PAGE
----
Thursday, December 2, 2021

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Michiganders mourn the loss of four students after this week's school shooting at Oxford High School, and SCOTUS Justices signal willingness to back a Mississippi abortion prohibition law.

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The Supreme Court debates abortion rights; Stacey Abrams will again run to be Georgia's governor; and Congress scrambles to avoid a shutdown.

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Seniors in non-urban areas struggle with hunger disproportionately; rural communities make a push for federal money; and Planned Parenthood takes a case to the Montana Supreme Court.

Conservation Groups Celebrate New Program to Fund Desert Restoration

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Friday, October 1, 2021   

JOSHUA TREE, Calif. -- Projects to protect the Mojave and Colorado Deserts stand to get a lot more funding, as Gov. Gavin Newsom signed a bill creating the California Desert Conservation Program.

The program is not yet funded, but the money should come with the 2022 budget cycle.

Cody Hanford, deputy executive director of the Mojave Desert Land Trust, said he would like the state to purchase parcels of private land that connect large tracts of public land.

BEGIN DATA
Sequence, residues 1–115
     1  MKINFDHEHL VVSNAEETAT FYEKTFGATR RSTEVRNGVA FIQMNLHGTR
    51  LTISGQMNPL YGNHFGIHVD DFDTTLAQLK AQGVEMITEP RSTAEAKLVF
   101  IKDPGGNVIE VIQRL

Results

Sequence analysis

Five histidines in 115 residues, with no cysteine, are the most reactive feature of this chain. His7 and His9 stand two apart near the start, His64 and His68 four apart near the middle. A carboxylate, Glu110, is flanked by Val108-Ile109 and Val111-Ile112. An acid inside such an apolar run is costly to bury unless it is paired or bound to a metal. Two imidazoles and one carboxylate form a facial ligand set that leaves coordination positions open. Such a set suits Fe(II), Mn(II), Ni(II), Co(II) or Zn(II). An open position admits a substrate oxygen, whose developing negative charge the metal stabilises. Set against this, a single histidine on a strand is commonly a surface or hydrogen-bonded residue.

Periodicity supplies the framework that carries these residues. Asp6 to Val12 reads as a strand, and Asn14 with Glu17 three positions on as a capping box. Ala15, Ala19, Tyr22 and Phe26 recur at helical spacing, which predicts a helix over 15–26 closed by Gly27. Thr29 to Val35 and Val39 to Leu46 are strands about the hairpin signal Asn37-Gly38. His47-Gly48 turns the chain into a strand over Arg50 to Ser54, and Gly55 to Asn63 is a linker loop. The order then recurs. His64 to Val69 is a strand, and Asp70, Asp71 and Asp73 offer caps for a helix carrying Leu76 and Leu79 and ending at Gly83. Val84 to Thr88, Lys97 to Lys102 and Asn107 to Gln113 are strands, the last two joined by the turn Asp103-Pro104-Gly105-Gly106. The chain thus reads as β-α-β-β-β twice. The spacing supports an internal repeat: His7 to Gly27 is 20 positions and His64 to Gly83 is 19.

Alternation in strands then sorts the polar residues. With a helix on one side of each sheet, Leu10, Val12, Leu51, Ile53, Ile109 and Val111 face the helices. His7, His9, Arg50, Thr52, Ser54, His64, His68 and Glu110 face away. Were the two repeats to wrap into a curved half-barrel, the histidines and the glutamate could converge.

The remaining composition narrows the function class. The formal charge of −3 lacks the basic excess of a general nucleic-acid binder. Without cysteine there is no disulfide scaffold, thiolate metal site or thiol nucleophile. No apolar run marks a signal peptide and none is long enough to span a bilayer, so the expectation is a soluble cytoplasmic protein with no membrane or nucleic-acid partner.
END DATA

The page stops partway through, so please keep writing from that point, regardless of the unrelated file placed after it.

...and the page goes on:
"The top priority would be acquisitions of private land inside habitat linkages," Hanford explained. "By preserving these linkages, that enables the desert to remain intact and species to flow as needed. "

The Southern California desert is a big hit with tourists, attracting $7.6 billion in spending in 2018, which supports 78,000 jobs. The program would funnel money to tribes, nonprofits and local government agencies to restore desert habitat, fight climate change and improve recreational access.

Brenda Gallegos, conservation program associate for the Hispanic Access Foundation, said the projects will make access to nature more equitable.

"One third of every community of color is nature-deprived," Gallegos pointed out. "This will actually increase that access to nature for all of our communities of color in the area."

Janessa Goldbeck, California director of the VetVoice Foundation, said her group was an original co-sponsor of the bill.

"We believe strongly that protecting our public lands is a patriotic duty," Goldbeck contended. "Veterans and military families use public lands to reconnect after they are deployed."

The program also will fund efforts to remove nonnative plant species such as cheatgrass, because they create fuel for wildfires.


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